The beginning of the Greek Classical period coincides with the time of the great statesman Pericles. Because of his democratic politics, Athens became the centre of cultural life and artistic creation in ancient Greece.
The classic architecture refined the shapes and proportions to perfection. The Temple of Zeus at Olympia, the Parthenon on the Acropolis of Athens and other major temple buildings were built in that time.
In the field of sculpture, the time of the Severe style began. The rigid forms of the earlier period were outdated, the human body was studied anatomically. Top works of the Severe style include the Charioteer of Delphi and the Artemision Bronze, which was recovered from the sea by fishermen.
A further increase brought the High Classical sculpture. Sculptors like Myron, Phidias and Polykleitos created sculptures that affect the statuary art to the present day (e.g. "Discobolus ", "Athena-Marsyas group" and "Riace bronzes" etc.)
In the 4th century, a romantic conception prevailed. Praxiteles and Lysippos determined the art of the time. Sculptures such as "Hermes and the Infant Dionysus", "Pouring Satyr" and especially the "Aphrodite of Knidos" are magnificent examples of the artistic conception of Classical Greece.
With Alexander the Great's campaigns of conquest, the Greek art dominated the Mediterranean and the Orient. In the temple construction, the Ionic and Corinthian style prevailed.
Lysippos initiated the sculptural art of the Hellenistic period. The temple complexes, such as the one in Pergamon, were richly decorated with statues. The "Winged Victory of Samothrace" was created at the beginning of the 2nd century B.C. and the "Venus de Milo" – towards the end of the century. The era of Hellenistic sculpture reached a final climax with "Laocoön Group". The Painting of that period was determined by Apelles. The Hellenistic painters depicted themes like historical events, portraits and genre paintings.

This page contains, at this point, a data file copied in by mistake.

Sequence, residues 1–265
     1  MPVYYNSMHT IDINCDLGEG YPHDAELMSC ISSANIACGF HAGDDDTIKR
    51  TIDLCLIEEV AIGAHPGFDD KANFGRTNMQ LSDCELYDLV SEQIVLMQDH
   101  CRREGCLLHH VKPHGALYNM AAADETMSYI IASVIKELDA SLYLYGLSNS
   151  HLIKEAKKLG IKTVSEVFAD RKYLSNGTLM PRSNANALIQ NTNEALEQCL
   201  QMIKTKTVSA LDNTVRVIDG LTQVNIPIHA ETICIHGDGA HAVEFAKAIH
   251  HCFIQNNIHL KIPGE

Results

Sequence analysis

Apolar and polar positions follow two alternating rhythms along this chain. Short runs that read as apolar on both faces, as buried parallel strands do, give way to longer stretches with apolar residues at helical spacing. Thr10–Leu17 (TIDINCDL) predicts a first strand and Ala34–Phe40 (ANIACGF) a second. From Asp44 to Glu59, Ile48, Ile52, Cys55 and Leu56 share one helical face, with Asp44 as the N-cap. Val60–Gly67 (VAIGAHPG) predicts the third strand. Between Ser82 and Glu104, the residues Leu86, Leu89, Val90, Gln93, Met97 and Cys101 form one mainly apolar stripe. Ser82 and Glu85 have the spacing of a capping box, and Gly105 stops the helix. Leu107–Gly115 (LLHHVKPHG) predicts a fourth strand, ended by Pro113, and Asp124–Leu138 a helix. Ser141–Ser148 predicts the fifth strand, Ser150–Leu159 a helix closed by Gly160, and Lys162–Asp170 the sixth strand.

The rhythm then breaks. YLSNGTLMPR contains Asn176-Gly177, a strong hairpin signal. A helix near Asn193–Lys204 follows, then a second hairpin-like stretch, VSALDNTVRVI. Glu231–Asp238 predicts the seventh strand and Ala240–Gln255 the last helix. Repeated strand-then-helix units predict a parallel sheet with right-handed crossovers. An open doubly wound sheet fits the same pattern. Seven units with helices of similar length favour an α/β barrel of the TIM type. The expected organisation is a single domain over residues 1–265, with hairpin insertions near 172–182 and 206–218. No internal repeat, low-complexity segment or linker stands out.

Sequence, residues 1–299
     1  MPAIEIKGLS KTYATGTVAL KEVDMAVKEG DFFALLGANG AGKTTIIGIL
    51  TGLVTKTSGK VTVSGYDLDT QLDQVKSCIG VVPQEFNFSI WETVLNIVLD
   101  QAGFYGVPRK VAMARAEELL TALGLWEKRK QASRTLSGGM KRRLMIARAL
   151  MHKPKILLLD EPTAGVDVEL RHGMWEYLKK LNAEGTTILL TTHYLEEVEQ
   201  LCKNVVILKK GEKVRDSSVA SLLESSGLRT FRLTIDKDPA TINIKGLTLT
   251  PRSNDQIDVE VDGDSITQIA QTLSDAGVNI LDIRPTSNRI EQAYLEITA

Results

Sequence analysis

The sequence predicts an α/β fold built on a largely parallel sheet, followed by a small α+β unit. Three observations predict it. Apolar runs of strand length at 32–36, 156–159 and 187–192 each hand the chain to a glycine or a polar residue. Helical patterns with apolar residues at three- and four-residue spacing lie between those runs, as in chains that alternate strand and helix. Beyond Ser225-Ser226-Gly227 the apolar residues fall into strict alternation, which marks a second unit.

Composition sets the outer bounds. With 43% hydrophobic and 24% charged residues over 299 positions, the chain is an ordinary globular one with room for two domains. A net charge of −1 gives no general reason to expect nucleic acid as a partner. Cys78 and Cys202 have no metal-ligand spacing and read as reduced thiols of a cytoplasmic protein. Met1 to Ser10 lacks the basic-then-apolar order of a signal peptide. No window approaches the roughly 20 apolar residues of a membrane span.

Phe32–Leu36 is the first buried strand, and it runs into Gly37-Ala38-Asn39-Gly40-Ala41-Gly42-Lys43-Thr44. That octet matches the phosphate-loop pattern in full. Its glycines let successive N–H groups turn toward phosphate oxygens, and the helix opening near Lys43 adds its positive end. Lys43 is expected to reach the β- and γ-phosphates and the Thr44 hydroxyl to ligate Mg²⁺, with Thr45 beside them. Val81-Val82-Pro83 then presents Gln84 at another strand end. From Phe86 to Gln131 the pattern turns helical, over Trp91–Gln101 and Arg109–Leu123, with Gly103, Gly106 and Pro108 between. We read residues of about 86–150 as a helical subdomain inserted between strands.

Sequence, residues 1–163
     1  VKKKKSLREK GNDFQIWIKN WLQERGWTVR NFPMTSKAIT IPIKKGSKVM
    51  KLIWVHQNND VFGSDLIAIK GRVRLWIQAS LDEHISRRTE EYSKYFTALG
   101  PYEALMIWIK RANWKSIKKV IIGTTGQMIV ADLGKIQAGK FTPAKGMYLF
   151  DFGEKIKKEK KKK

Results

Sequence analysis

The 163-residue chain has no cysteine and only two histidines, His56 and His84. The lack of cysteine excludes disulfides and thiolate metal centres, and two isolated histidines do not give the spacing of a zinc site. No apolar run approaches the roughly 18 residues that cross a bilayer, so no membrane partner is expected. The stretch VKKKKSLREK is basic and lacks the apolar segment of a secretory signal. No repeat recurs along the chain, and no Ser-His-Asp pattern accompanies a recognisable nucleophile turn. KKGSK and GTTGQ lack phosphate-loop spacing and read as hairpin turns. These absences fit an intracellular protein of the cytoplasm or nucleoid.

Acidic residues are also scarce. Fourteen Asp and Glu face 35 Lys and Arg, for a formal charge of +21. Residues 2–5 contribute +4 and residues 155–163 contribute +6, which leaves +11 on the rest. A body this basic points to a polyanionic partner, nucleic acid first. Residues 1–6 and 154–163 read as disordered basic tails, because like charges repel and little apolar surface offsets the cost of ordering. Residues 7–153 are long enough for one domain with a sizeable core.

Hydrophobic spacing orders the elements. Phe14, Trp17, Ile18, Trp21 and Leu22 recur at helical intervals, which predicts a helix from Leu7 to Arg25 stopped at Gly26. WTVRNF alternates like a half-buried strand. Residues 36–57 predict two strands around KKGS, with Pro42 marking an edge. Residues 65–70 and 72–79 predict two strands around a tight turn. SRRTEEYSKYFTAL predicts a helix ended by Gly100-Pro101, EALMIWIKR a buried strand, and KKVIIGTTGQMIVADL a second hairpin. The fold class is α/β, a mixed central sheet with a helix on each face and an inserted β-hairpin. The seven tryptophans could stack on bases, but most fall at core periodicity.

Collective term for all casting processes that ars mundi carries out with the help of specialised art foundries.
Similar to artificial marble, with the difference that the substitute stone in powder form is used instead of marble powder.
Bonded Bronze (Cold-Cast-Bronze)
Bronze powder is polymer-bonded. Special polishing and patination techniques give the surface of the casting an appearance similar to the bronze.
In order to guarantee absolute fidelity to the original, an artificially manufactured imitation wood is used as a base material that features typical wood characteristics: density, workability, colour and surface structure.
Ceramic Mould Casting
Ceramic mould casting usually requires the use of casting clay, which is then fired and optionally glazed. Instead of the usual rubber moulds, plaster moulds are often used in ceramic casting and porcelain production.
Cast Bronze (Lost-Wax Casting)
For the cast bronze, the thousand-year-old lost-wax technique is used. It's the best, but also the most complex method of producing sculptures.
A true-to-the-original reproduction of an artwork in the same size and with the best possible material and colour uniformity.
The mould is usually taken directly from the original so that the replication reproduces even the finest details. After casting the replication, using the most appropriate method, the surface is polished, patinated, gilded or painted according to the original.
A replication of ars mundi is a recognizable copy of the original.
A plastic work of sculptural art made of wood, stone, ivory, bronze or other metals.
While sculptures from wood, ivory or stone are made directly from the block of material, in bronze casting a working model is prepared at first. Usually, it is made of clay or other easily mouldable materials.
The prime time of sculpture after the Greek and Roman antiquity was the Renaissance. Impressionism gave a new impulse to the sculptural arts. Contemporary artists such as Jorg Immendorf, Andora, and Markus Lupertz also enriched sculptures with outstanding works.